STARCH AND SEPSIS

After the former leading researcher on starch solutions, Joachim Boldt fell from grace after his research fraud with colloid therapy, it has been hard to find good evidence on the use of starch solutions in resuscitation and critical care. Anaesthesia and Analgesia just released a meta-analysis of the remaining evidence, and their conclusion is that published studies are of poor quality and report too few events to reliably estimate the benefits or risks of administering 6% HES 130/0.4.

They even conclude that the same conclusion would be reached with or without the abovementioned retracted studies. Given the widespread use of 6% HES 130/0.4, high-quality trials reporting a large number of events are urgently required. Just our luck, there’s one such study just being finished. The 6S trial.
We (sort of) like colloids, because they have the power to raise the intravascular volume quicker, and using less volume, than using crystalloids. Many centers love 130/0.4 HES. It’s certainly the most popular colloid in Scandinavian centers. So maybe more would be better?

10% HES 200/0.5, a stronger starch solution with higher molecular weight starch molecules, has been shown to cause acute kidney failure in septic shock patients. So, no. more is not better.

But 6% HES 130/0.4 could still be a good option? The patients respond quickly to it. And even though Dr. Boldt was rigging his numbers, HES 6% 130/0.4 could still be a good choice in many settings? Maybe so, but probably not in septic patients.

The S6 trial: Scandinavian Starch for Severe Sepsis/Septic Shock Trial.
This multi center, prospective, randomized and double blinded trial has just concluded after including 800 severe sepsis patients, 400 in each arm, receiving either 6% HES 130/0.4 and Ringer solution, or just Ringer. Their main endpoint was 90-day mortality or end stage kidney failure. They received the trial fluid up to 33mL/IBW kg/day, and for any fluid needs above this, they received Ringer lactate. So any effect shouldn’t be due to receiving HES in too high concentrations.

The numbers are just being crunched, and at this time, the HES group comes out with a significantly higher 90-day mortality. 51% compared to 43% for the Ringer lactate group. Now, that’s a real difference. We’ll report back when the full study is available in detail. In the meantime, you might want to stop those colloid infusions and get som crystalloid running.

Comparing the effect of hydroxyethyl starch 130/0.4 with balanced crystalloid solution on mortality and kidney failure in patients with severe sepsis (6S–Scandinavian Starch for Severe Sepsis/Septic Shock trial): study protocol, design and rationale for a double-blinded, randomised clinical trial.

BACKGROUND: By tradition colloid solutions have been used to obtain fast circulatory stabilisation in shock, but high molecular weight hydroxyethyl starch (HES) may cause acute kidney failure in patients with severe sepsis. Now lower molecular weight HES 130/0.4 is the preferred colloid in Scandinavian intensive care units (ICUs) and 1st choice fluid for patients with severe sepsis. However, HES 130/0.4 is largely unstudied in patients with severe sepsis.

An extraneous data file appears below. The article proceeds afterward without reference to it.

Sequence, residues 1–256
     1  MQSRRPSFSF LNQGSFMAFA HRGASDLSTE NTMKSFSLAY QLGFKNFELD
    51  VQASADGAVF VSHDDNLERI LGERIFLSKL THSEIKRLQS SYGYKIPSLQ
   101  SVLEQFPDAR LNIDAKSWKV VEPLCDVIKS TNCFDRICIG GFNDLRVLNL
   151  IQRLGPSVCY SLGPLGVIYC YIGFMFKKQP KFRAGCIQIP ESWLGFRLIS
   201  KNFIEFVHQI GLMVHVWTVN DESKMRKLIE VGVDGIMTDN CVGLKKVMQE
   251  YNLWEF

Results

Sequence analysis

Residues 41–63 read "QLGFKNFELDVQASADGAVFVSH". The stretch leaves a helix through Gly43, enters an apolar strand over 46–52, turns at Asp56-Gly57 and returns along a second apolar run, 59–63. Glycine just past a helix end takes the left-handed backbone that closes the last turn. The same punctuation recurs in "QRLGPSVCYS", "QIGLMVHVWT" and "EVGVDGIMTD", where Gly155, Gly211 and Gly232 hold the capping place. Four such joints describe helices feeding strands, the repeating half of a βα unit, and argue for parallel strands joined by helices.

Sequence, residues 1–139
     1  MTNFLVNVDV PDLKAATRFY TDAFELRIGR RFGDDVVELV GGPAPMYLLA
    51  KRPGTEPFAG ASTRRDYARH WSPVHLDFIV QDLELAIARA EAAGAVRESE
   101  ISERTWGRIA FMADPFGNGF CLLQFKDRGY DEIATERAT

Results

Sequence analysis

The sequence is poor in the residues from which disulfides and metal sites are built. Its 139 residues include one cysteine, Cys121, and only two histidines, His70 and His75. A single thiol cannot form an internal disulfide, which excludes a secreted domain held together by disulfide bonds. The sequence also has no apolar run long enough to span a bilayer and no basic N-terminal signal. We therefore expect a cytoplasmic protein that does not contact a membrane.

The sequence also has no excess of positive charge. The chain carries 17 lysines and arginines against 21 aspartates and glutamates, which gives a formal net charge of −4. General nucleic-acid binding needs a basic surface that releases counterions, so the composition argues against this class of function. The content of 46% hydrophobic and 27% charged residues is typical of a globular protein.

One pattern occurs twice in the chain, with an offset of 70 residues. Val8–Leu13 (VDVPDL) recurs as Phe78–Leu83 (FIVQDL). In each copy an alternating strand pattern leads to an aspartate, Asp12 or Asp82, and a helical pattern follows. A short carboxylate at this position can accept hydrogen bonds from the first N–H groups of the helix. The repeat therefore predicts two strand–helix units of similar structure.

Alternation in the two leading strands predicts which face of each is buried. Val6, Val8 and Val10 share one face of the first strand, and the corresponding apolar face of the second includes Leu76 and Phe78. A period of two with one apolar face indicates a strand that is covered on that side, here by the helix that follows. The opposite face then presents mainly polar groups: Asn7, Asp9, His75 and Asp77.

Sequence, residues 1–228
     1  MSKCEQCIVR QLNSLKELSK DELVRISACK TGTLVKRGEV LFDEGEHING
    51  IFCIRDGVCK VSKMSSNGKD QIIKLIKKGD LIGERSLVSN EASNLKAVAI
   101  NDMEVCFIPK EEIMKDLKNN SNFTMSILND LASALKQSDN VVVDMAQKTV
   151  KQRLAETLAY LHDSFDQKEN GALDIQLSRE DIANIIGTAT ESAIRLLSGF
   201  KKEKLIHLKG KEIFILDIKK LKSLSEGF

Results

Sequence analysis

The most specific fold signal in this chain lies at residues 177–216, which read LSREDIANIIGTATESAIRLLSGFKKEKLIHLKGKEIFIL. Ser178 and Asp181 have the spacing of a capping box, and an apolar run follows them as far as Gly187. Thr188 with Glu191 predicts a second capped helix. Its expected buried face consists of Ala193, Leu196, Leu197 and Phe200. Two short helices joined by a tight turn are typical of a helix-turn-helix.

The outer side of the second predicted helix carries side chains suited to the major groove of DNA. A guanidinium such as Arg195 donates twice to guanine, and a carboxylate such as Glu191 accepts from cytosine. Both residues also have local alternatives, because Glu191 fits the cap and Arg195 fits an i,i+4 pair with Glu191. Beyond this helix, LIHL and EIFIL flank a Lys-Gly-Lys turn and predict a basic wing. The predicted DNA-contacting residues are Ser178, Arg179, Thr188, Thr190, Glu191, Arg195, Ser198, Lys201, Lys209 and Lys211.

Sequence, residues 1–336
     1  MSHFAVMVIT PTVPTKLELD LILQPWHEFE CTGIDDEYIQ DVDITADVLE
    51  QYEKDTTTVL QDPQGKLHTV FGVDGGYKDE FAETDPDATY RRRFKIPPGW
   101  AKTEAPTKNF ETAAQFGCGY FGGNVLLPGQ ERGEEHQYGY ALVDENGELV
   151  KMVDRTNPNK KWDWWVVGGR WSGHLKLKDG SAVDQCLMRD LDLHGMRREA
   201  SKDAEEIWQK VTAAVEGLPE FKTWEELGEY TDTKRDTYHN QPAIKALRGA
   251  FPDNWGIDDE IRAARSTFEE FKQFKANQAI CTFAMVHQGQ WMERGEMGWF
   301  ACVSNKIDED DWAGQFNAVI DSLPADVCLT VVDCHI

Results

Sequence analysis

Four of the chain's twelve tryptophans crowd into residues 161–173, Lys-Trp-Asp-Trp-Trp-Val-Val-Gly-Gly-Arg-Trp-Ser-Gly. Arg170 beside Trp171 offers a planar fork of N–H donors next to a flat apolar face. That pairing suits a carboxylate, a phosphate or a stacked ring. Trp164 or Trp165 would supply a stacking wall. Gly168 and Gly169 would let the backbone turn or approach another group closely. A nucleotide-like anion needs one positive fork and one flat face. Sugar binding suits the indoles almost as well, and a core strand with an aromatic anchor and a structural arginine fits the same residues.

METHODS/DESIGN: The 6S trial will randomize 800 patients with severe sepsis in 30 Scandinavian ICUs to masked fluid resuscitation using either 6% HES 130/0.4 in Ringer’s acetate or Ringer’s acetate alone. The composite endpoint of 90-day mortality or end-stage kidney failure is the primary outcome measure. The secondary outcome measures are severe bleeding or allergic reactions, organ failure, acute kidney failure, days alive without renal replacement therapy or ventilator support and 28-day and 1/2- and one-year mortality. The sample size will allow the detection of a 10% absolute difference between the two groups in the composite endpoint with a power of 80%.
DISCUSSION: The 6S trial will provide important safety and efficacy data on the use of HES 130/0.4 in patients with severe sepsis. The effects on mortality, dialysis-dependency, time on ventilator, bleeding and markers of resuscitation, metabolism, kidney failure, and coagulation will be assessed.

What are these different starch solutions anyway?
Different types of hydroxyethyl starches are typically described by their average molecular weight, typically around 130 to 200 kDa (bearing in mind that there will be a range of different-sized molecules in any given solution); and their degree of molar substitution (what proportion of the glucose units on the starch molecule have been replaced by hydroxyethyl units), typically around 0.35 to 0.5.

A solution of hydroxyethyl starch may further be described by its concentration in % (i.e. grams per 100ml). So for example, one commercially available hydroxyethyl starch (Voluven) is described as 6% HES 130 / 0.4.

Larger molecule sized HES solutions have been attractive due to better volume expansion, but shunned due to the risk of acute kidney failure.

At least one of the trials concerning 200/0.5 HES have been critisised for using the stronger 10% solution, and also as using 200/0.5 HES the only resuscitation fluid, so the patient ended up receiving a very high concentration of HES. Still, the concensus seem to lean towards HES 200/0.5 increasing the risk of acute kidney failure. Use with caution, if at all.

Hydroxyethylstarch 200/0.5 – the horse has bolted, Crit Care, 2012

Update: The 6S trial is now live, and lives here:

Hydroxyethyl Starch 130/0.4 versus Ringer’s Acetate in Severe Sepsis, NEJM 2012.

We’ll get back to this as we’ve read through the full paper.

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